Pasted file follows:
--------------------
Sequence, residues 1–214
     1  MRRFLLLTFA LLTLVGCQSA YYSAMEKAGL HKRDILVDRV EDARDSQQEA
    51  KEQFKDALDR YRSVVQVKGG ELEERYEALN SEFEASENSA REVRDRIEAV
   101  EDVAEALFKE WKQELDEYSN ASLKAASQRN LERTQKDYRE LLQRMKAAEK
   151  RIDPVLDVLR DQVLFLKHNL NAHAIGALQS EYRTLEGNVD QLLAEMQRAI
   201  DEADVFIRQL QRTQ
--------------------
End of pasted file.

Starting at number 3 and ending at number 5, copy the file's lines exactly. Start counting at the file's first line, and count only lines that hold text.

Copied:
    51  KEQFKDALDR YRSVVQVKGG ELEERYEALN SEFEASENSA REVRDRIEAV
   101  EDVAEALFKE WKQELDEYSN ASLKAASQRN LERTQKDYRE LLQRMKAAEK
   151  RIDPVLDVLR DQVLFLKHNL NAHAIGALQS EYRTLEGNVD QLLAEMQRAI